Electric Power Generation from Co-Produced Fluids from Oil and Gas Wells Geothermal Project
Last modified on July 22, 2011.
|Project Title||Electric Power Generation from Co-Produced Fluids from Oil and Gas Wells|
|Project Type / Topic 1||Recovery Act: Geothermal Technologies Program|
|Project Type / Topic 2||Geothermal Energy Production from Low Temperature Resources, Coproduced Fluids from Oil and Gas Wells, and Geopressured Resources|
|Project Type / Topic 3||Coproduced Fluids for Oil and Gas Wells|
|Project Description|| The geothermal organic Rankine cycle (ORC) system will be installed at an oil field operated by Encore Acquisition in western North Dakota where geothermal fluids occur in sedimentary formations at depths of 10,000 feet. The power plant will be operated and monitored for two years to develop engineering and economic models for geothermal ORC energy production. The data and knowledge acquire during the O & M phase can be used to facilitate the installation of similar geothermal ORC systems in other oil and gas settings.
The project’s proposed application at the Encore Acquisition site provides an excellent opportunity to test geothermal ORC technology under various operating conditions found in low-temperature geothermal resources and in the widely varying continental climate setting of North Dakota. Development of geothermal power using ORC technology throughout the Williston Basin appears highly promising due to the region’s cool climate (mean annual temperature of 50°F) and the availability of abundant geothermal fluid at 150-300°F in a number of oil producing formations. There are 102 unitized oil fields in the North Dakota portion of the Basin, and these fields bring co-produced fluids to central localities where large fluid volumes can be adapted for significant ORC power production.
|Objectives||Demonstrate the technologic and economic feasibility of generating electricity from low temperature (T~210 ºF) geothermal water using binary, organic Rankine cycle (ORC) technology with air as the condensing medium.|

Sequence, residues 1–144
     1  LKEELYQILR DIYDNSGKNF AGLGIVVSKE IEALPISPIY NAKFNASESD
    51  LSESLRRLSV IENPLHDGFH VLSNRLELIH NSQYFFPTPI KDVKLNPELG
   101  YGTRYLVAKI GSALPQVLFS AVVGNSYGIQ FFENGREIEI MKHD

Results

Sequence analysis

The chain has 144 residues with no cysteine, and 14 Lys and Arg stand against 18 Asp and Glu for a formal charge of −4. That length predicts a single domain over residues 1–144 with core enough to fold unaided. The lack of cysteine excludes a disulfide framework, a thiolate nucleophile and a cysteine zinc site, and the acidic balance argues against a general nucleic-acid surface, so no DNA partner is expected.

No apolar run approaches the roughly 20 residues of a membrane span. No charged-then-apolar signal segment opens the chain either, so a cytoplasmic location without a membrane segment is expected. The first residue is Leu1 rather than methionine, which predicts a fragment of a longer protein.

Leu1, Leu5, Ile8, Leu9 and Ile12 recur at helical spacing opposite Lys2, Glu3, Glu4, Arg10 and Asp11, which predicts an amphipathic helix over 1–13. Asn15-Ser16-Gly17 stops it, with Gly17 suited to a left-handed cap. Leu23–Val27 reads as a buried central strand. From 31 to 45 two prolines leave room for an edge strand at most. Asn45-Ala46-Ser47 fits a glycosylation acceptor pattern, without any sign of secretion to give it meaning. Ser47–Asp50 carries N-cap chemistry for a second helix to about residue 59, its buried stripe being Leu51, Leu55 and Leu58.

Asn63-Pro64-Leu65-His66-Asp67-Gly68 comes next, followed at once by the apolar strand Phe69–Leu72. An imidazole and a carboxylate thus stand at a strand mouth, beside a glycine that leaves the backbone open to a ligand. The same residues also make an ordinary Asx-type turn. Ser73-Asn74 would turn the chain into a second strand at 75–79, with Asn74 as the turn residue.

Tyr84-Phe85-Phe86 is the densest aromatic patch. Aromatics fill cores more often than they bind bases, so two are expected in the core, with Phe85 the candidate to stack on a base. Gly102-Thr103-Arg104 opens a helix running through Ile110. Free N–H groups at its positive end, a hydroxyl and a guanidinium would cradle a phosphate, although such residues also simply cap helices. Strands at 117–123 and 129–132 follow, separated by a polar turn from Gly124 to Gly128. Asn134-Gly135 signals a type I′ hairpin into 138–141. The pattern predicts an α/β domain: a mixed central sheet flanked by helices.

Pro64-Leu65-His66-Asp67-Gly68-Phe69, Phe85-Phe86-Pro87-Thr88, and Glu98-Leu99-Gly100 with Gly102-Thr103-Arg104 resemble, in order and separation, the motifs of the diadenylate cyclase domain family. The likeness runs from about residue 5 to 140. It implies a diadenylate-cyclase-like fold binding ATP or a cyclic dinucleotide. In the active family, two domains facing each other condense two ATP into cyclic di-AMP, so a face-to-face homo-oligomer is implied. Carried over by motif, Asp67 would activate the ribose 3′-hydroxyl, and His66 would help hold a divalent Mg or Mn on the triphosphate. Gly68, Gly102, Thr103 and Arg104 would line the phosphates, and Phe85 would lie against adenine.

|Awardees (Company / Institution)||University of North Dakota|
|Partner 1||Encore Acquisition|
|Partner 2||Berrendo Geothermal|
|Partner 3|| North Dakota Geological Survey
|Funding Opportunity Announcement||DE-FOA-0000109|
|DOE Funding Level (total award amount)||$1,733,864.00|
|Awardee Cost Share||$1,734,058.00|
|Total Project Cost|| $3,467,922.00
|Principal Investigator(s)||William Gosnold, University of North Dakota|
|Other Principal Investigators||Michael Mann, University of North Dakota; and Hossein Salehfar University of North Dakota|
|Targets / Milestones|| The team of university and industry engineers, scientists, and project developers will evaluate the power capacity, efficiency, and economics of five commercially available ORC engines in collaboration with the equipment manufacturers.
It is important to disseminate widely the results of this project, and this will be done through local, state, and national media contacts, participation in energy forums, and in presentations at professional meetings. If the U.S. is to broadly accept and adopt geothermal technology, success stories and guidelines for developing viable projects must be brought to the public’s attention. Successful demonstration that base-load power can be generated from low-temperature geothermal resources will spawn a new domestic industry, lead to job creation, and would be a positive step toward increasing domestic energy supplies and reducing CO2 buildup in the atmosphere. To address the need for development of a skilled work force and to facilitate entrepreneurship in development of oil field geothermal resources, training of engineers for careers in the geothermal industry are included as objectives for this project.
|Location of Project|| Williston Basin (Bowman County), ND
|Impacts|| Opportunity to
test geothermal ORC technology under various operating conditions found in low-temperature geothermal resources and in the widely varying continental climate setting of North Dakota.
|Funding Source||American Recovery and Reinvestment Act of 2009|
|References||EERE Geothermal Technologies Programs|